Los Angeles — Results of a recently completed study suggest that fractional carbon dioxide laser skin resurfacing produces the same post-treatment molecular changes as fully ablative carbon dioxide laser treatments, HealthDay News reports.
Researchers from the University of California, Los Angeles, Medical Center took biopsies of neck skin from nine subjects prior to their undergoing laser resurfacing of photodamaged face and neck skin with a fractional CO2 laser. Additional biopsies were taken one, two and three weeks after the procedure.
After extracting RNA from the specimens, investigators analyzed and compared protein expression at the different time points. They found statistically significant alterations in gene expression for several matrix metalloproteinases (MMPs), indicating a consistent up-regulation of MMPs 1, 3, 9 and 13 — similar to what has been reported for fully ablative CO2 laser resurfacing.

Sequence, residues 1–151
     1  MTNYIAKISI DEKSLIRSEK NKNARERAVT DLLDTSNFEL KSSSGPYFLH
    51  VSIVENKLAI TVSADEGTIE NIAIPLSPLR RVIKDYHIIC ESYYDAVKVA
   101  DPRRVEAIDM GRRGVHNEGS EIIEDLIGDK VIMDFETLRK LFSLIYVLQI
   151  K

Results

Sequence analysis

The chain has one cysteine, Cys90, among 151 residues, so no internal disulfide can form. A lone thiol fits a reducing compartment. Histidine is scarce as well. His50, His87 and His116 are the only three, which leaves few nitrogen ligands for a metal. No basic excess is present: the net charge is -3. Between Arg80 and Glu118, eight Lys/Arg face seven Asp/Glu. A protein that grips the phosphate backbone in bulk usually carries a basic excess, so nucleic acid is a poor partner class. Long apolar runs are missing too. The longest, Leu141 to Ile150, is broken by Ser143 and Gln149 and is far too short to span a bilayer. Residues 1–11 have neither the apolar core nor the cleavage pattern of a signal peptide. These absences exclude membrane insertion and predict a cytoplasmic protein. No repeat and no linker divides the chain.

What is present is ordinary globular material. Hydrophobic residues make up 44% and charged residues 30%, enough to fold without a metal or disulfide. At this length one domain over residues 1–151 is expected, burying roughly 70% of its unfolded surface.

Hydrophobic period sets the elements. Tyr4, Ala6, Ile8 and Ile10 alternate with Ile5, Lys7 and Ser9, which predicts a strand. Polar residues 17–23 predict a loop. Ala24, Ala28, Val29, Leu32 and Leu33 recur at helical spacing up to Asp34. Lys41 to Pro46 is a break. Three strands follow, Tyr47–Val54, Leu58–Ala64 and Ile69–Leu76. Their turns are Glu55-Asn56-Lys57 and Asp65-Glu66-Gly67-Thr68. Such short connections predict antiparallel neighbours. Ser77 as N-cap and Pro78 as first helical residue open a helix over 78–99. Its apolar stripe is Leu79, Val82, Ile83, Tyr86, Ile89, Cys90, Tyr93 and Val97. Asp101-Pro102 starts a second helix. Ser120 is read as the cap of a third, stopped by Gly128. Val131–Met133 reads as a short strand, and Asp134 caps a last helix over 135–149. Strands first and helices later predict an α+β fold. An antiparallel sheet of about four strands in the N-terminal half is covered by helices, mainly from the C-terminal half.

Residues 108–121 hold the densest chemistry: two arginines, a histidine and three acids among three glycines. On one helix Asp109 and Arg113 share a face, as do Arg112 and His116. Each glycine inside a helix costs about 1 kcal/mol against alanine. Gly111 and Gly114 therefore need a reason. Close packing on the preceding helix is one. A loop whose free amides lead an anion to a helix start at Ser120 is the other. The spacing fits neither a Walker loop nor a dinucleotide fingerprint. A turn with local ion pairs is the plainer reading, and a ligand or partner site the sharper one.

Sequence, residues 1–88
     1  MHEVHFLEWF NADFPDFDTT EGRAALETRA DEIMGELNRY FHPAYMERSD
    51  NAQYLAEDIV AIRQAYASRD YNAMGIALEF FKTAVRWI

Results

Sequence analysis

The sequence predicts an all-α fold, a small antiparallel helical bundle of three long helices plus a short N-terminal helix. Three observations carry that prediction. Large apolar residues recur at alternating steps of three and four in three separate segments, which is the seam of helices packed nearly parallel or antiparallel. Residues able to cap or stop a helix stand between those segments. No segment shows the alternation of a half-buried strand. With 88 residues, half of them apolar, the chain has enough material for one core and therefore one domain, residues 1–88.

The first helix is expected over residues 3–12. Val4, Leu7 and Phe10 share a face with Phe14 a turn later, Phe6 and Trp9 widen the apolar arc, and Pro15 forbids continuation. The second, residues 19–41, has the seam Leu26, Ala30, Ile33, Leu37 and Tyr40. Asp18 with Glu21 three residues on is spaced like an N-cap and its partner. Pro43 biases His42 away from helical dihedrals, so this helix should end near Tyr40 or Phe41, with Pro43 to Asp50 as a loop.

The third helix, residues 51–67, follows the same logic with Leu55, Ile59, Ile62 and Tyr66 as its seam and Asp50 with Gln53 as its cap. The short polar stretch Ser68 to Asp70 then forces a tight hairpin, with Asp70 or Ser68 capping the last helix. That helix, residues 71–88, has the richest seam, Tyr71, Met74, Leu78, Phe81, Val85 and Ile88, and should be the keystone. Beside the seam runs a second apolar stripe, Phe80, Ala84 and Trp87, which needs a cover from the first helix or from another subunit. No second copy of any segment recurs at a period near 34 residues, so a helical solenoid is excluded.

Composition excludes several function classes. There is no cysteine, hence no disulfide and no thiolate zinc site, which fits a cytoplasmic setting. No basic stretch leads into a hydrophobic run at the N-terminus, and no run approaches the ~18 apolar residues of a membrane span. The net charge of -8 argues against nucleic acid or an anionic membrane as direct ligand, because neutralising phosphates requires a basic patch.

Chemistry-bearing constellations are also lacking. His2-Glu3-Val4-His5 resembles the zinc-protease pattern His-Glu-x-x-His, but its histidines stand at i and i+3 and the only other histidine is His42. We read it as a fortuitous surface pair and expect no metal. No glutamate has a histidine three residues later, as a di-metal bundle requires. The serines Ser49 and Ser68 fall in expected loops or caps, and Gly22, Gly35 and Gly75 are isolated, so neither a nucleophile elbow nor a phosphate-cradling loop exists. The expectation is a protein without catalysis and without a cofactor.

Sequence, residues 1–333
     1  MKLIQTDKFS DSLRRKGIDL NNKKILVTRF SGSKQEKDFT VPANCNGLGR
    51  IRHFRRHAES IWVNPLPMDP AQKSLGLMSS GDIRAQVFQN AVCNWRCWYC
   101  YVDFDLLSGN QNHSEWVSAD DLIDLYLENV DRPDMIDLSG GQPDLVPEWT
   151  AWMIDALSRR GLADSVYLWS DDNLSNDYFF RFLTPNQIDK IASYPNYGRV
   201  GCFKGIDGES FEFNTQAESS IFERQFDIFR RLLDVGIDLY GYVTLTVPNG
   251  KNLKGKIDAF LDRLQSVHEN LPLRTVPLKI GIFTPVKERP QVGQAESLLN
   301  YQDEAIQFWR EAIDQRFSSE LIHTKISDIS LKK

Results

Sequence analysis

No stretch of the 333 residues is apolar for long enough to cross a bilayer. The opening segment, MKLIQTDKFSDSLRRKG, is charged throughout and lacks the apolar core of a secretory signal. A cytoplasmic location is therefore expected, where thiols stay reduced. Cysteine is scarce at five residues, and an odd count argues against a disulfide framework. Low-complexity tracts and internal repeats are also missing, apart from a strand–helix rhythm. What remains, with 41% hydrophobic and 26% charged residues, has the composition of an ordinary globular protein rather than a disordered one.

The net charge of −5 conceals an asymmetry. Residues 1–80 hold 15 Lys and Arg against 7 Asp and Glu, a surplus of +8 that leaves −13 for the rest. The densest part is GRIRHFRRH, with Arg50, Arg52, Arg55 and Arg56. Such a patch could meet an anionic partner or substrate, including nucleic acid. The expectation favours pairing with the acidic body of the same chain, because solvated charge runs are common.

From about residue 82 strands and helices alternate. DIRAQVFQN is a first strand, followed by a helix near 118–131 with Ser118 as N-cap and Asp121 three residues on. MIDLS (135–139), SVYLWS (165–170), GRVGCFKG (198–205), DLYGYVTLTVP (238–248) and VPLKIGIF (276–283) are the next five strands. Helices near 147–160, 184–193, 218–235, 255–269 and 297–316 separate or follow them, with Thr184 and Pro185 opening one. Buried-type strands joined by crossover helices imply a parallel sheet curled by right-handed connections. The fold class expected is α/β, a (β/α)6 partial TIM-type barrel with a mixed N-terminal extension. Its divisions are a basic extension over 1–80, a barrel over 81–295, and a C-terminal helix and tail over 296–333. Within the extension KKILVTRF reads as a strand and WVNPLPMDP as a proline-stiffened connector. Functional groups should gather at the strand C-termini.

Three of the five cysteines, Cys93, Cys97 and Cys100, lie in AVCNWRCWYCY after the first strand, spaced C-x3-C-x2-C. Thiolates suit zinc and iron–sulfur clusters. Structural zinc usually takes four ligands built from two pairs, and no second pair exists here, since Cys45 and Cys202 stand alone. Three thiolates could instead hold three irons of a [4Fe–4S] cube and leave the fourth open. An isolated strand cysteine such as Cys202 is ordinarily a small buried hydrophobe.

There also were statistically significant increases in MMP-10 and MMP-11 levels.
“While comparisons cannot be drawn from this study about the degree of collagen reorganization in fractional versus fully ablative CO2 laser resurfacing, the data from our experiment demonstrate that the molecular pathways are very similar,” the authors wrote.
“Given these findings, fractional CO2 laser resurfacing appears to be a promising technique for limiting recovery and potential adverse effects, while still providing effective rejuvenation of aging facial skin.”
One study author reported receiving travel funding from Alma Lasers, which funded the study. Another researcher serves as a consultant on that company’s medical advisory board.
The study appears in the September/October issue of Archives of Facial Plastic Surgery.